I am a Computer Science graduate student in the PhD program at UC Berkeley. My advisor is Sylvia Ratnasamy, and my research interests are primarily in computer networks. My dissertation focuses on new opportunities and challenges arising from moving middlebox services to clouds and ISPs.
I'm interested in big networking questions surrounding middleboxes, networked systems, measurement, Internet architecture, and cloud computing. Some of my past and current projects are below; more details are on my publications page and in my CV.
In a study of 57 enterprise networks, we found that middleboxes like firewalls and caches are expensive, failure-prone, and difficult to manage. To resolve these challenges, we built APLOMB, a service which allows enterprises to ditch their middleboxes entirely. With APLOMB, cloud providers offer middleboxes as a "service" to enterprise clients who tunnel their traffic to a nearby datacenter to receive security and performance processing services.
Network middleboxes must offer high availability, with automatic failover when a device fails. Unlike routers, when middleboxes fail they most recover lost state about active network connections to perform properly; without this lost state clients face connection resets, downtime, or insecure behaviors. No existing middlebox design provides failover that is correct, fast to recover, and imposes little increased latency on failure-free operations. Our system, FTMB, adds only 30us of latency to median per packet latencies -- a 100-1000x improvement over existing fault-tolerance mechanisms. Our system introduces moderate throughput overheads (5-30%) and can reconstruct lost state in 40-275ms for practical system configurations.
The rapid rise in adoption of encrypted protocols like HTTPS means that middleboxes are in trouble. Unable to access the data they need to inspect or modify, they either fail to do their job entirely, or adopt supsicious "man in the middle" approaches to decrypt the user's traffic and circumvent user privacy goals. We propose and implement BlindBox, a middlebox which uses new cryptographic algorithms to process user connections while leaving the user's traffic encrypted. BlindBox is the first system which can both meet users demands for privacy and permit network providers to inspect and process traffic, e.g., for intrusion detection.
In cloud environments, many tenants share access to the network where their traffic may be queued, dropped, or throttled by the presence of other tenants' traffic. We designed and built Silo, a network architecture for public cloud architectures that can guarantee message completion times for all users; for large tranfers and even for short and latency-sensitive applications. Silo builds upon network calculus to determine how tenants with competing requirements can coexist, using a novel packet pacing mechanism to ensure the requirements are met. With Silo, clients can have the same kinds of guarantees from their public cloud as they would from a tightly engineered private network.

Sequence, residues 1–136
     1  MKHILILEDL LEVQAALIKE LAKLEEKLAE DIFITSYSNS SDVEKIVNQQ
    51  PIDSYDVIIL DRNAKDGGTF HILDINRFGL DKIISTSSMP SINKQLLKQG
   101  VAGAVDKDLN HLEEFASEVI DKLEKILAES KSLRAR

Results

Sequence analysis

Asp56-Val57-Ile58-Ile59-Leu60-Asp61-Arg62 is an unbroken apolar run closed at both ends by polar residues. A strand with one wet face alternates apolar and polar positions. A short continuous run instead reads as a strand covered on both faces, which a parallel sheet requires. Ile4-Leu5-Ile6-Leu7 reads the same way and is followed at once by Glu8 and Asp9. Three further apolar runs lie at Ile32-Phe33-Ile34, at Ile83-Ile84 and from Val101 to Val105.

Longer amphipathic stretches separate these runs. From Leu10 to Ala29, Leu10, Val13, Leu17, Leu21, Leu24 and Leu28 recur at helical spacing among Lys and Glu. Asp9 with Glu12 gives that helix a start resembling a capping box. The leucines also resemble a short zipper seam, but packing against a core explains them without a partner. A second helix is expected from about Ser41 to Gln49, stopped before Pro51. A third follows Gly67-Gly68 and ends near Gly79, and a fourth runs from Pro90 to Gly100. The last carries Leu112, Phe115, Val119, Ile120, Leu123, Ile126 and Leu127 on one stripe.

At startup, congestion control algorithms must carefully balance the desire to send aggressively -- making best use of available resources -- and to send cautiously -- in order to avoid congestion, heavy packet loss, and unfairness. TCP slow start takes the cautious route, sending only 4-10 packets in the first round trip time, and only slowly ramping up the sending rate from there. We propose RC3, which allows senders to send aggressively without the threat of heavy congestion or unfairness. RC3 `keeps the pipe full' from the very first RTT, sending additional traffic (beyond what TCP might send) at strictly lower priorities than normal traffic. We find that RC3 improves flow completion times in the wide area by 40-80%.
Services like firewalling, protocol acceleration, and caching are widely available today through the deployment of middleboxes. However, these capabilities are not exposed to end host applications through the `interface' the network exposes to them. We designed netcalls to allow end hosts to invoke and configure the advanced capabilities offered in any network their traffic traverses; for example, we built a web server which invokes inter-domain DDoS defense when it detects it is under attack.
IP timestamps are a little-known feature of every packet that traverses the Internet, allowing a client to request a simple timestamp from any router which handles the packet. We showed that IP timestamps are supported by a substantial fraction of routers on the Internet -- about 30% -- and that IP timestamps can be used for a number of useful measurements: measuring parts of the reverse path a packet takes from server to client, identifying when two IP addresses belong to the same router, and measuring course-grained link latencies.